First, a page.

The Patients’ Perspective, serves to share the experiences or opinions of advocates that might be of interest and value to ISQua members. In this column, I will share a bit of insight into the world of patient advocates.
Becoming a Patient Advocate
In 2004, Sir Liam Donaldson and the World Alliance for Patient Safety initiated a global network of “Patients for Patient Safety Champions”. Sir Liam realizes that patient narratives are an important catalyst for change and that the patient voice is a necessary contribution at all levels of care. There are now 254 Champions residing in 52 countries. We have a list serve developed by WHO where we can share ideas and accomplishments.
To be eligible to be a Champion, one must demonstrate in their application a willingness to collaborate with others to improve the quality and safety of care. Those who are accepted include patients or family members who have experienced harm or providers or administrators who are very interested in collaborating with patients. Once an application is accepted, it is necessary to attend a Patient for Patient Safety workshop before obtaining Champion status. The workshop ensures that all Champions understand the history of patient safety and the theory of just culture.
In addition to the Champions, there are numerous open patient safety groups where patients or family who have experienced harm can receive information, direction and support and learn how they can make a difference in the system.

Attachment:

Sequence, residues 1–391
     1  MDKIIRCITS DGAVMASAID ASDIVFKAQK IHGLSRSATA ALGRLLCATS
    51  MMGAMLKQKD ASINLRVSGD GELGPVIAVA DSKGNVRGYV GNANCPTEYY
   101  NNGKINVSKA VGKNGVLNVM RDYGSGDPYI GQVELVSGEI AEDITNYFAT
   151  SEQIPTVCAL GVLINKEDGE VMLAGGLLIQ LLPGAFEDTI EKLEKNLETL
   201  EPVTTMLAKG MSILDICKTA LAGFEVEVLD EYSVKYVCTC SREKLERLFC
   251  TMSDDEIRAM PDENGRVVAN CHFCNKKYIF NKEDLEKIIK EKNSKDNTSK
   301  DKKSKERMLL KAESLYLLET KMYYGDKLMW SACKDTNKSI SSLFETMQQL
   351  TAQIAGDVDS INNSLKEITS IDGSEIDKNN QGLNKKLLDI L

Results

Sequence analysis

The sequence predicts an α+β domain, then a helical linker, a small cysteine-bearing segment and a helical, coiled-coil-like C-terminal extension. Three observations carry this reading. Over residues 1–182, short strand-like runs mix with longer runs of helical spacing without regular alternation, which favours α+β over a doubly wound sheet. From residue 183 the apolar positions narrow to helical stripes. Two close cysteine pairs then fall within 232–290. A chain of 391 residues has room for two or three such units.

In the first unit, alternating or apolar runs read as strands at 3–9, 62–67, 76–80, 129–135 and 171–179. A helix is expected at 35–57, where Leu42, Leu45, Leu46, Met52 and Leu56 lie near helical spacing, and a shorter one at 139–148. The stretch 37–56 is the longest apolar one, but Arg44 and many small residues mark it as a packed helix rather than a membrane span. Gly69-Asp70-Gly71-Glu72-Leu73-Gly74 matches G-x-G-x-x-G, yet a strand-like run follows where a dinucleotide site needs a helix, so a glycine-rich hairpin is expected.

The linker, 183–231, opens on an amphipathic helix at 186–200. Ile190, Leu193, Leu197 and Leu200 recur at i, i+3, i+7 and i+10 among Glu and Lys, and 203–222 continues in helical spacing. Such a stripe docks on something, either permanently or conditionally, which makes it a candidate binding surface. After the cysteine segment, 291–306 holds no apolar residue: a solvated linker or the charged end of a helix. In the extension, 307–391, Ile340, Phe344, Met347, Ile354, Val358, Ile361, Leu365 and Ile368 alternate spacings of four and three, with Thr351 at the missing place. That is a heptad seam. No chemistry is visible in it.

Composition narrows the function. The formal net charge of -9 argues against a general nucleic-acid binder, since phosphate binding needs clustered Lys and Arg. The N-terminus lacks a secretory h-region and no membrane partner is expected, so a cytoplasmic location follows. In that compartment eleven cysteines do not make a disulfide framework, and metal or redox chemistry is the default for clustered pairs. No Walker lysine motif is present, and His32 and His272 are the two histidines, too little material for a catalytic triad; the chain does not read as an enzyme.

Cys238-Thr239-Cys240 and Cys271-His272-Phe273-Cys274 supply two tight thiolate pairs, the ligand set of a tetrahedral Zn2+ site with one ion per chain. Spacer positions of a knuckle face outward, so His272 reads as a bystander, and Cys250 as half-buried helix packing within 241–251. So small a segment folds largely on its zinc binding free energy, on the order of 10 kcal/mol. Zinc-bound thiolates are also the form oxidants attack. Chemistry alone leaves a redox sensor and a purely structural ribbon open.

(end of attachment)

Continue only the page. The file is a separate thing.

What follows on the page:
What do Patient Advocates Do?
Patient advocates encourage improvements within the health care system. They speak at conferences, workshops, schools and hospitals. They serve on committees, hospital-based patient-family advisory councils and boards, and undertake research with providers. The best outcome occurs from the formation of a patient-provider partnership.
Patient advocates also contribute to the education of the public about safety issues. They work with the media and publish books that are geared to empower patients. I believe that these books would be of interest to professionals who specialize in quality and safety improvements because they would allow these providers to see the potential that patients and their families have as members of their healthcare team and to reduce the risk of harm.
Very often, patients or their families who have suffered harm realize that if only they had known they could have taken actions to prevent harm. Examples of these circumstances include improved communication, calling for help sooner and double checking medications. The books that advocates have written serve to empower patients by providing them with information and checklists that might prevent harm. I have found that providers are very often hesitant to inform patients of risk because they don’t want to scare them. Yet, if there is something that the patient might do to mitigate the risks, do they not have the right to know?
Research regarding how to educate and involve patients for better outcomes is ongoing. It has been established that the attitudes of and invitation to be involved by providers is key to the involvement of patients. A recent study involving 110 patients and 123 healthcare professionals reported that both groups are quite willing to participate in safety-relevant behaviours related to the blood transfusions. A very hopeful sign! The patient-provider relationship is changing rapidly. I believe that this change will lead to a safer, higher quality healthcare experience.
 The Empowered Patient: Hundreds of Life-Saving Facts, Action Steps and Strategies you Need to Know, Julia Hallisy
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